But I am not the only one in this room who has lived these issues for some time. Someone asked me the other day if I was discouraged when I looked back over recent years. I am not. First, because working on these issues with all of you renews my strength and resolve every day. And also because of where we are today. That may sound counterproductive, as things are so much more visible today. The viral videos of tragic loss of life have dominated our field of vision and are incredibly painful to watch – to none more so than these victims’ families. The rhetoric around these issues can be harsh and divisive. But the very visibility of the problem has allowed us to move past the denials of the past, the refusal to even acknowledge the reality of the issues. We all recall those denials: “It can’t be that bad.” ”You must have misunderstood.” And the one that swirled around the Louima case: “No one would really do that.” But the world has now seen what so many in the minority community have been describing for years. And for so many this moment is reminiscent of the television images of the civil rights movement showing the harsh reality of police dogs lunging at children. It has moved us into a place where all are talking about these issues. And as painful as that is, it is exactly what needs to happen. Because that is the only way that progress happens. And it has allowed us to move beyond proving the point to finding the myriad solutions called for by these challenges. This gathering and this panel are emblematic of that very point.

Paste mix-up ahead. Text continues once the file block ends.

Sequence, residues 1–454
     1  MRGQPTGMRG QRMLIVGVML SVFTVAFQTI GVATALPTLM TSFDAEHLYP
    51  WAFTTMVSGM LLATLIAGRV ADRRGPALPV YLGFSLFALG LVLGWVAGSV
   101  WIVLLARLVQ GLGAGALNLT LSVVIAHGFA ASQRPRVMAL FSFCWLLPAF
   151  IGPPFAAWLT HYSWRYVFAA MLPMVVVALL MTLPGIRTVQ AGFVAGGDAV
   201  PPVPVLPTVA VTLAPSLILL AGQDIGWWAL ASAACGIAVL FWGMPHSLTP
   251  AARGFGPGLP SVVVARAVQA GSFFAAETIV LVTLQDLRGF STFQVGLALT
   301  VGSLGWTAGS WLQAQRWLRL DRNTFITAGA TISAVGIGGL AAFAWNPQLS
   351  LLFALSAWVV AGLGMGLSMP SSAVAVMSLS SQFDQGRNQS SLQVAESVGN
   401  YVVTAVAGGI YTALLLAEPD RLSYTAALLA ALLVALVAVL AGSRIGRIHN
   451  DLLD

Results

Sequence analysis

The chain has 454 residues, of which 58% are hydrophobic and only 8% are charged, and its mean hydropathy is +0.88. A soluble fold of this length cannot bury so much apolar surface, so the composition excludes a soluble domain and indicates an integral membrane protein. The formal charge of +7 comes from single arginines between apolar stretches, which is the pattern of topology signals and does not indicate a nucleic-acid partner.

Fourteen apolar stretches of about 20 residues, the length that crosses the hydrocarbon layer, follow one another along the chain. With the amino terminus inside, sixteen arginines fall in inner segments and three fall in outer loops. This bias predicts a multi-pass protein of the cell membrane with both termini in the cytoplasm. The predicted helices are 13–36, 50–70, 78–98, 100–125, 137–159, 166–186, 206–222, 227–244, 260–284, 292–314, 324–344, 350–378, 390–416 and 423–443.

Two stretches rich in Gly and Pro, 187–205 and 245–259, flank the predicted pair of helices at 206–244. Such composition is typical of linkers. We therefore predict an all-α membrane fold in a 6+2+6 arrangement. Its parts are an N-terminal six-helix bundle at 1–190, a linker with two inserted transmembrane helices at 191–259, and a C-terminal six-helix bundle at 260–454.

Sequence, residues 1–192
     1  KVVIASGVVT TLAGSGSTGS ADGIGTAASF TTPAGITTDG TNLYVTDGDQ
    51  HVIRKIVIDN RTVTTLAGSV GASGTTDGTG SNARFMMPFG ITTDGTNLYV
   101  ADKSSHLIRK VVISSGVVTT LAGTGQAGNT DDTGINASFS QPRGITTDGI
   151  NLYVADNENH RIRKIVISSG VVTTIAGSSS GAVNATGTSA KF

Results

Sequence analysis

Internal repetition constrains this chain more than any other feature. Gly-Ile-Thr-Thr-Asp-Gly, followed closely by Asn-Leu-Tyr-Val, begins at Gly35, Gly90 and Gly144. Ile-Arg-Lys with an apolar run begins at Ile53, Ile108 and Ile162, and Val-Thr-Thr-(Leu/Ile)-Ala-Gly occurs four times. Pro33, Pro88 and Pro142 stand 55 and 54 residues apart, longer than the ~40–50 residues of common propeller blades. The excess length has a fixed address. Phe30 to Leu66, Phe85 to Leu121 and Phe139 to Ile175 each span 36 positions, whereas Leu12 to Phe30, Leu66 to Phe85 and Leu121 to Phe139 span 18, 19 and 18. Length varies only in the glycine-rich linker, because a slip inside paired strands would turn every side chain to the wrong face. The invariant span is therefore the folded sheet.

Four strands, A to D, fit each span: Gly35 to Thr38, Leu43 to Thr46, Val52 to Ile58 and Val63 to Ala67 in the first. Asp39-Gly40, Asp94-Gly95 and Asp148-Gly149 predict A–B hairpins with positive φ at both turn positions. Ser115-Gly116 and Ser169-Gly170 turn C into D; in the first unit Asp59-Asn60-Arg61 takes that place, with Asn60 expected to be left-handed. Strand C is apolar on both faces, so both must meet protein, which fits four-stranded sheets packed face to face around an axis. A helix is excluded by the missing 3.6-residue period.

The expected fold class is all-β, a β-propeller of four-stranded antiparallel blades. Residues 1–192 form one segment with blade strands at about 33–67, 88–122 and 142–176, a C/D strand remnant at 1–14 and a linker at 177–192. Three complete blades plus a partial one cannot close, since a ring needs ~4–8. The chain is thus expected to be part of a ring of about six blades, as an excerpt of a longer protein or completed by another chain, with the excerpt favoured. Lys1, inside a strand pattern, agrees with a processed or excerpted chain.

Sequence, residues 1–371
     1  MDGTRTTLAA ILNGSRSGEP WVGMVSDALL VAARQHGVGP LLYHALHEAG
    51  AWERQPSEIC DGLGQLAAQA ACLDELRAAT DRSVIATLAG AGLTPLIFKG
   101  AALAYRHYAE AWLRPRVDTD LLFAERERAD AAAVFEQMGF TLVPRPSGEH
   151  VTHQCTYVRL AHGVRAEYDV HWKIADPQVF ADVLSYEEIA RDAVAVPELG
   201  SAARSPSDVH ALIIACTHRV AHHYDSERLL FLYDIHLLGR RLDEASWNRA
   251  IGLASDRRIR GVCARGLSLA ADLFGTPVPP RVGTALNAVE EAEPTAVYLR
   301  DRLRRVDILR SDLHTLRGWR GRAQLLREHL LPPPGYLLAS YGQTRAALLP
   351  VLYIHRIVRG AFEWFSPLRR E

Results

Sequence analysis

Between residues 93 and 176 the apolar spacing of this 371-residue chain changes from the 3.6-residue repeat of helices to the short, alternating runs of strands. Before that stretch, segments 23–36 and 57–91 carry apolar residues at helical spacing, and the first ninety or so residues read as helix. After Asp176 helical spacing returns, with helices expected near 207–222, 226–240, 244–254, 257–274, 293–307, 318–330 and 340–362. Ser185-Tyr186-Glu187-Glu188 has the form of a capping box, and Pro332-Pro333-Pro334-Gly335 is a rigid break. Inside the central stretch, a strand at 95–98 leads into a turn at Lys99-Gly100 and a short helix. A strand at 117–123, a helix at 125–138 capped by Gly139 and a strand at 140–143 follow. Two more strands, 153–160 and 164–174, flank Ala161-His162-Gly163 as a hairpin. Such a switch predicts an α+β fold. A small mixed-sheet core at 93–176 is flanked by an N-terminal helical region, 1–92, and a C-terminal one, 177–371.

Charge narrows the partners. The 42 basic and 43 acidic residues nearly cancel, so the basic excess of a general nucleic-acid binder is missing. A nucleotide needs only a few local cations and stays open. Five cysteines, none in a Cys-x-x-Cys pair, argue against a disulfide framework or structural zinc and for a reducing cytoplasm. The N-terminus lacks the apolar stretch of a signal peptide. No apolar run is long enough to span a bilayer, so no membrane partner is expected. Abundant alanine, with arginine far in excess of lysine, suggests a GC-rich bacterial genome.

But while the issues have been illuminated and the debate enlarged like never before, the problems have not been solved. Too many of our fellow Americans still feel unable to call on law enforcement when they feel threatened out of a fear that they will instead be regarded as the threat. Too many of our law enforcement officers – whose goal is to stand as the guardians of all our communities – find themselves rejected, unsupported, even demonized due to the actions of a few. And in too many of our communities, public safety is suffering because of this divide, which blinds us to our common desire for security, for peace and for justice.